Baby Talk: Resources to Support the People Who Work With Infants and Toddlers
Issue No. 59, April 2016
Electronic Baby Toys Associated with Decrease in Quality and Quantity of Language in Infants
Electronic toys for infants that produce lights, words and songs were associated with decreased quantity and quality of language compared to playing with books or traditional toys such as a wooden puzzle, a shape-sorter and a set of rubber blocks, according to this article. http://neurosciencenews.com/toys-language-neurodevelopment-3330/
Why You Should Include Babies When You Talk About Mental Health
When does mental health begin? Do babies have mental health? Read this article and find out.http://everydayfeminism.com/2016/02/babies-mental-health-important/
Developmental Foundations of School Readiness for Infants and Toddlers
This February 2016 Research to Practice report summarizes the research on development during the first 3 years of life, highlights areas that are foundational for school readiness and later school success, and discusses how providers can support the development of school readiness in infants and toddlers. It can be used by programs to inform their practices and policies, and to help them think about the outcomes they want to focus on improving most for young children. http://www.acf.hhs.gov/sites/default/files/opre/opre_nitr_school_readiness_report_v05cover_title.pdf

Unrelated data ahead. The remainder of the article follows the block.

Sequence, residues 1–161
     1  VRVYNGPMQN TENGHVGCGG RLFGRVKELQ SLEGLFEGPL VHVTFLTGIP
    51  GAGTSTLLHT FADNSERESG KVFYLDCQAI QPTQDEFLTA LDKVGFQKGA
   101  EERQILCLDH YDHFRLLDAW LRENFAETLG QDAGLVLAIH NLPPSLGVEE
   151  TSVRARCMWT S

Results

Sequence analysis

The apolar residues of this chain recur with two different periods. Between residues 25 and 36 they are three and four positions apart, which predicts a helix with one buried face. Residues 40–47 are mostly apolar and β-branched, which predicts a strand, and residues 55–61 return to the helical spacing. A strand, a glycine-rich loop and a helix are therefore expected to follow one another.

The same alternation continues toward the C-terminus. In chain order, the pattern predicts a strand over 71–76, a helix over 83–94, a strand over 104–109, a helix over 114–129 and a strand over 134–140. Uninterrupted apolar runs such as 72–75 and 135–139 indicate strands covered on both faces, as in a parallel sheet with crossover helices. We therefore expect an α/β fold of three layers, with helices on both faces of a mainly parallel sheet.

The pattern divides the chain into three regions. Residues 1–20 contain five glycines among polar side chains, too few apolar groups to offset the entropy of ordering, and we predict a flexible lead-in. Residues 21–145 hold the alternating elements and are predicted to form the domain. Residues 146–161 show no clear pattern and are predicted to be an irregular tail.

Playing with Music at Home
Here are some tips on how your family can play with music and connect it to learning at home.
Why Do Children Ask, “Why?”
Children’s innate curiosity plays a big part in their “why” questions. Their curiosity about the world around them helps to build concepts, skills, vocabulary, and understanding of the unknown. Read this article to understand how you can help channel their curiosity and need to know why so that you help foster learning in a positive way.
What Is Big Body Play and Why Is It Important?
Here’s a great short article on big, boisterous play, why it’s important, and why it can make adults anxious.
Is Your Toddler Ready for Reading Lessons?
Even before they can read, children as young as 3 years of age are beginning to understand how a written word is different than a simple drawing — a nuance that could provide an important early indicator for children who may need extra help with reading lessons, suggests new research. More information by clickinghttps://source.wustl.edu/2016/01/is-your-toddler-ready-for-reading-lessons/
Do You Know the Early Signs of Autism?
If not, you may want to watch this free video tutorial to learn more. https://www.youtube.com/watch?v=YtvP5A5OHpU
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